Cyberattack on reward scheme company exposes credit card details for up to 376,000 European shoppers

Hackers have accessed full card details for at least 376,000 people in a cyberattack on a “reward scheme” company, Loyaltybuild – as well as phone numbers and addresses for more than a million others.

The company runs reward schemes including discounted holidays for supermarket chains across Europe, including the Irish chain SuperValu and insurance company AXA, according to Sky News.

The full scope of the attack only became apparent today, according to the Irish Times.

“Everything changed yesterday when Loyaltybuild contacted the Data Protection Commissioner  again to say financial details of more than 62,000 Supervalu customers and 8,000 Axa customers who had paid for breaks between January 2011 and February 2012 had been seriously compromised and could now be used by a third party to make purchases or – worse again – clone credit or debit cards,” wrote the paper’s Conor Pope.

Ireland’s Office of the Data Protection Commissioner confirmed that 70,000 Supervalu custommers had their full credit card details stolen in the breach, along with 376,000 others.

“The details of an additional 150,000 clients were potentially compromised,” the DPC said in its statement.

“The inspection team also confirmed that name, address, phone number and email address of 1.12m clients were also taken. The initial indications are that these breaches were an external criminal act.”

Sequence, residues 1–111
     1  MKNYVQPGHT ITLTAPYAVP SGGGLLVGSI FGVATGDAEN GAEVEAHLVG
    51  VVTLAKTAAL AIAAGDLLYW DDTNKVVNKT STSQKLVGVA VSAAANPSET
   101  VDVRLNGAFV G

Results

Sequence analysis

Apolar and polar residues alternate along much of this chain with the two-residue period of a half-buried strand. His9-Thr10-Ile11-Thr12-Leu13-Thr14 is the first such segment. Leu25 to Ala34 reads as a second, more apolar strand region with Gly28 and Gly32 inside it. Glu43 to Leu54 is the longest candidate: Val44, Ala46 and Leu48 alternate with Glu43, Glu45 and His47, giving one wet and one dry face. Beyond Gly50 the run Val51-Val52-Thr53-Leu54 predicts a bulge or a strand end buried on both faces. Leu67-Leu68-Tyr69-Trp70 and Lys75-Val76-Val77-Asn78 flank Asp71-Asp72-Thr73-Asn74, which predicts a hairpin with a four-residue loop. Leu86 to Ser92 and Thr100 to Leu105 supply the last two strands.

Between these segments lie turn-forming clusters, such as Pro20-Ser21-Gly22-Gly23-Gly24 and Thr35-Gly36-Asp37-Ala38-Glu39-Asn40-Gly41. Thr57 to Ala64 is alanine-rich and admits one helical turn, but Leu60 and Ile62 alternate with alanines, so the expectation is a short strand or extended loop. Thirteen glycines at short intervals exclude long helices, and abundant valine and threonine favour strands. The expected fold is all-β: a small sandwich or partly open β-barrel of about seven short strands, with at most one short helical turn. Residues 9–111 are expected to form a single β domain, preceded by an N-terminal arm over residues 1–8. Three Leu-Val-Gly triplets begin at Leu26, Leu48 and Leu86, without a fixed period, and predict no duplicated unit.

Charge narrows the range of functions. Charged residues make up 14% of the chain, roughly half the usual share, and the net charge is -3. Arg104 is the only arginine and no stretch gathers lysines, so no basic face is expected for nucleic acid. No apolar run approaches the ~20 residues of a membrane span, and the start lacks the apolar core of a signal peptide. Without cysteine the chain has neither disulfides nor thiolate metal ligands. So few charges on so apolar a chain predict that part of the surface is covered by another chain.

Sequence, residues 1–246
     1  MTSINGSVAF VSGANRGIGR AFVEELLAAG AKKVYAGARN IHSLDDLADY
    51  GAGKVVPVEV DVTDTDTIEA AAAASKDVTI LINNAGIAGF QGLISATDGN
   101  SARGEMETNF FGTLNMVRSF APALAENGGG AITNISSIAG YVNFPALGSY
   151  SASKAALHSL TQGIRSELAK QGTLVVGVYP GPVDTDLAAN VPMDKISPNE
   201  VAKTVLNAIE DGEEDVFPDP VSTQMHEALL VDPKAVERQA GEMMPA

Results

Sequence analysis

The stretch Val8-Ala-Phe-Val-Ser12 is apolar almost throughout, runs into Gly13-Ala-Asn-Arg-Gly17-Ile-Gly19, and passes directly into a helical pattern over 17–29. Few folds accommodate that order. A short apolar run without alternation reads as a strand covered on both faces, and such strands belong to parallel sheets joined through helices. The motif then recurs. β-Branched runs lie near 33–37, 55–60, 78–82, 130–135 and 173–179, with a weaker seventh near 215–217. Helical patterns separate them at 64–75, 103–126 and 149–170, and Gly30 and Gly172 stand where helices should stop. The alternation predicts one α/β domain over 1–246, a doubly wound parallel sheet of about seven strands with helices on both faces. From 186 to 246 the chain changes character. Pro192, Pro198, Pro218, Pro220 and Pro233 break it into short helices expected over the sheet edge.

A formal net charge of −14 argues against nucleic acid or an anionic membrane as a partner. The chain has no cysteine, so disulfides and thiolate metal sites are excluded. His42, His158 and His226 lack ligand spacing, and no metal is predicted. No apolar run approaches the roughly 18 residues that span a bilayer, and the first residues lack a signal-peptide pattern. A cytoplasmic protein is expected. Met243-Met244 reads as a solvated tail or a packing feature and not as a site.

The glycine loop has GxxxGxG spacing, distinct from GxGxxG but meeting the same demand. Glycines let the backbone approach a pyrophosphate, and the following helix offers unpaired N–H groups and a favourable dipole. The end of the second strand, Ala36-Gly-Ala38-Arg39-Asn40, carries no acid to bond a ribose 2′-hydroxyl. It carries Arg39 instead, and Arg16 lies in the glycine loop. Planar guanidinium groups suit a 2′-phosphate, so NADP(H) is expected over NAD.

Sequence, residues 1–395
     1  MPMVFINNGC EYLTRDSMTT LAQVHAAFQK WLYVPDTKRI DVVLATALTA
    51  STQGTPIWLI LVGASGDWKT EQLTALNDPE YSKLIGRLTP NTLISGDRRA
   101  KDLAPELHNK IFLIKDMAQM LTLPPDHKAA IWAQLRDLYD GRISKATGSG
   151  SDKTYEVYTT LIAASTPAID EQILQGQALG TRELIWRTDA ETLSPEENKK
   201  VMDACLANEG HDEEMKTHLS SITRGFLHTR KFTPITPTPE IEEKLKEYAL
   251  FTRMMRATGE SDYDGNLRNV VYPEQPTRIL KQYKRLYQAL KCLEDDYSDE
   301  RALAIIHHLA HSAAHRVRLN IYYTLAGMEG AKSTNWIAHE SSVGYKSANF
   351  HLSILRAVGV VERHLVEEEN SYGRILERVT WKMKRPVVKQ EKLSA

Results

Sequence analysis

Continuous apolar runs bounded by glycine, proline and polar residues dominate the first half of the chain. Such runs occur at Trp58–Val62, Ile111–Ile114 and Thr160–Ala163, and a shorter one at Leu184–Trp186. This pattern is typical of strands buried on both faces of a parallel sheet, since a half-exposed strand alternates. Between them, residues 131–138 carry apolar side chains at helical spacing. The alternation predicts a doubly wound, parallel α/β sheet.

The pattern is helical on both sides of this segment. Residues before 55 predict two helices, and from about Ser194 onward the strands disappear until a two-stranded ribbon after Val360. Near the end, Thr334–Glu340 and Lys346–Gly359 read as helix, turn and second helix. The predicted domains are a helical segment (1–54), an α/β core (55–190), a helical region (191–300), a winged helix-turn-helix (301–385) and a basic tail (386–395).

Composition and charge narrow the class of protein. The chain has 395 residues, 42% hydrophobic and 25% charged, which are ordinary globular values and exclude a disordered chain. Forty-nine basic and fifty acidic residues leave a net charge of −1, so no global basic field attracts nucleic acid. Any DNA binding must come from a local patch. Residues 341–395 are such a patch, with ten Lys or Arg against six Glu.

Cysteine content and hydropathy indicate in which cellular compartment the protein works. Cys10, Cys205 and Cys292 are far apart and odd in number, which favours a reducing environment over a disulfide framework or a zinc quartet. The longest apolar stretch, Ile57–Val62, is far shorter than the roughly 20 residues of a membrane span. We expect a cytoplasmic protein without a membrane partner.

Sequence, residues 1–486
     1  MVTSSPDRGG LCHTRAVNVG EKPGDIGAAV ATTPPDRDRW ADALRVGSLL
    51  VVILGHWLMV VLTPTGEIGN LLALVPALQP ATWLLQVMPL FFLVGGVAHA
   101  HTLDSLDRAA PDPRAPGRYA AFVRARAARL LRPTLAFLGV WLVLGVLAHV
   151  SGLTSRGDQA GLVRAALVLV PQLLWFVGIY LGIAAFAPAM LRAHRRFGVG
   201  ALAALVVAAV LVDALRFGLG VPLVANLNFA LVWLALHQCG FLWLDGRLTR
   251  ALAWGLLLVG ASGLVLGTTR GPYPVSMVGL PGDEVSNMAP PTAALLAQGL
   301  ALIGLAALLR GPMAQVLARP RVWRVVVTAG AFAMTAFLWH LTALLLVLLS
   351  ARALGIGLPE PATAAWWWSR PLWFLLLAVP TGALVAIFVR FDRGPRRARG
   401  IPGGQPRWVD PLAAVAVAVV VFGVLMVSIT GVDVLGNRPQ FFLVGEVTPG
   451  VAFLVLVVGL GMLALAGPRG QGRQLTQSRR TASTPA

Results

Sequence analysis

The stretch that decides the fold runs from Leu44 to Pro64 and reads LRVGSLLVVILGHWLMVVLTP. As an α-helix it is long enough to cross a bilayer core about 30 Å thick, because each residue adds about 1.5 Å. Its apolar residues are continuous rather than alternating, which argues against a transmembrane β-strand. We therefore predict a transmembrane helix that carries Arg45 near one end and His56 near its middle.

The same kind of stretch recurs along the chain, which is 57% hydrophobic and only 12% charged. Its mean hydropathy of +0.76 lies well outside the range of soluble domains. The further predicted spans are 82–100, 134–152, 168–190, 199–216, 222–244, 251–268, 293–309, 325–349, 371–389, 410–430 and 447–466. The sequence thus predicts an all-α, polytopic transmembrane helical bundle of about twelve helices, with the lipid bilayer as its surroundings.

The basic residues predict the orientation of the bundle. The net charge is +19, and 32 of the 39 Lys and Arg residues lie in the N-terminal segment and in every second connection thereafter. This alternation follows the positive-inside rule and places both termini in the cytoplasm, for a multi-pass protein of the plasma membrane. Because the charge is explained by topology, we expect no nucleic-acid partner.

“The ODPC continues to warn customers to be vigilant in relation to their accounts and to report any suspicious transactions to their card company. Clients should also be vigilant in relation to suspicious communication of any kind which they receive.”

Loyaltybuild raised concerns about a breach on October 25, but the full extent of the attack has only emerged this week. The company described the breach as a “sophisticated criminal attack.”

“We are working around the clock with our security experts to get to the bottom of this and to further enhance our security in order to protect our valued customers, who are of paramount importance to us,” the company said in a statement.

“Unfortunately, the threat of cyberattacks is increasingly becoming a reality of doing business today and Loyaltybuild would like to sincerely apologise for any distress or inconvenience caused.”

ESET and We Live Security offer advice on what to do if you are affected by a major site breach here.

Author Rob Waugh, We Live Security

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